KTW did this ages ago with their infamous teflon coated solid bullets.

  • alannon

    Why did they choose the 1911? Because, despite all the argument for or against, they wanted the 1911. And quite frankly, what the end-user thinks is all that matters.

    Do you like the 1911? If so, use it; if not, don’t. That’s the great thing about guns: There’s always more options.

    • RocketScientist

      I am normally a big proponent of the “shoot whatever makes you happy” philosophy, and hate it when ‘Citizen A’ criticizes ‘Citizen B’ because Citizen B bought a gun that Citizen A doesn’t like. When you replace Citizen B with ‘Tax-funded military procurement’ however, I think it is every American’s right (obligation?) to educate themselves and form an opinion. If the organized crime cartel in DC is going to steal money from me at gunpoint every year in the form of taxes, at the very least I think I have the right to comment on how it’s spent. If the Corp bought Playstation 3s for every jarhead in service, simply stating “thats what the Marines wanted” is not justification enough for me. Silly example, but gets the point across.

      • W

        I agree. Since my tax payer dollars go into a weapon that requires more armorer intensive maintenance and parts replacements, procuring a 100 year old design because it gives you a warm feeling of nostalgia really irritates me. Im not saying it is a terrible weapon.

        Sure, these M45s will be utterly reliable because MEUSOC armorers know WTF they are doing. Still, I question the wisdom that MEUSOC wanted to equip its operators with the best handgun available when there are more superior options for expeditionary warfare available.

    • Big Daddy

      But in all honesty as the guy who has to put his life on the line I do NOT want you to tell me what to use. Just because you pay your electric bill the electric company doesn’t ask you anything on how they do things.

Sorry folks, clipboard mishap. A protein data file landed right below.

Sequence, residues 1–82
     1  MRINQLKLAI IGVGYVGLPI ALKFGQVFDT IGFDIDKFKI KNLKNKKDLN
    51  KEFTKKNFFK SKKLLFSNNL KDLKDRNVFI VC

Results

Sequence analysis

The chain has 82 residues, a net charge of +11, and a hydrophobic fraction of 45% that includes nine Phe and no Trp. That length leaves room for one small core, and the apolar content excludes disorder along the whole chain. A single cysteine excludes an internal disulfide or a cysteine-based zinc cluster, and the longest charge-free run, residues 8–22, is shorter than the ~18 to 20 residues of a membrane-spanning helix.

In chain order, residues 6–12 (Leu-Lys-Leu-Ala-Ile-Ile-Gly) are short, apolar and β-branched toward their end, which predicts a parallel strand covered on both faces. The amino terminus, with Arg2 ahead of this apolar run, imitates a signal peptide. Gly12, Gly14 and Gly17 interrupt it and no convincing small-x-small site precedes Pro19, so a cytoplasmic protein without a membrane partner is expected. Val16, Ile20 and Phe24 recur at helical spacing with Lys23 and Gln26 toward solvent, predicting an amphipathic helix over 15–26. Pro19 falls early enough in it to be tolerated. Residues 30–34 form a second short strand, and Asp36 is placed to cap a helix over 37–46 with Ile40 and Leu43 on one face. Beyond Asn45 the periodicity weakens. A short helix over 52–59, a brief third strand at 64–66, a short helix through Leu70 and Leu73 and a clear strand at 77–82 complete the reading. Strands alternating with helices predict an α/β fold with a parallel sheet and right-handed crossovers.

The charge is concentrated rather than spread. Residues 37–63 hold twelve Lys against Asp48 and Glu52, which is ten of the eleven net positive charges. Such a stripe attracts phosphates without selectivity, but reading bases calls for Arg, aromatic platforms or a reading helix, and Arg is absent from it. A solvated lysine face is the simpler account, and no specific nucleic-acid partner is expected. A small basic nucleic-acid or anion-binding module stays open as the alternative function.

If I am the guy who might very well get killed I want to pick the weapon to use. Especially someone who was never in the military or never saw combat even if they are expert shooters. War and combat is different than shooting at targets for fun. Killing people who want to kill you means you should have some say in what to use.

      Which goes back to asking those soldiers who FIGHT not REMFs what they want to use in battle.

      I would rather carry a .45/10mmm/.40/.357 than a 9mm. I would rather carry a 7.62mm NATO than a 5.56mm Nato rifle or at last a 6.8mm/6.5mm as long as it’s not a 5.56mm or smaller.

      I would rather have a M240 or MK48 than a M249 for support even if I’d have to hump it all these things and I have.

      I carried a M-60 many times and had no issues with the weight, those tanks are heavy and it wasn’t as bad as carrying those M1 Abrams, just kidding. Y’all know I’m talking about the M60 GMPMG.

  • Big Daddy

    Honestly I bet the Marines don’t really know why they adopted it.

    It’s like candy in a candy store so many choices you get confused and end up picking the one you know best, just a plain old piece of chocolate.

    That’s what this is, a plain old piece of chocolate. Of course you cannot go wrong with that and that’s what this weapon is, something you can’t go wrong using, it’s as simple as that.

    If they went with anything else there would be a whole bunch of people going crazy so they went with plain old chocolate. That’s what a marine knows and is used to having, nothing fancy just let it work and kill the person I’m shooting at, it’s that simple.

  • Wanlace

    One likely factor not yet mentioned – the ‘Old Marine’ network.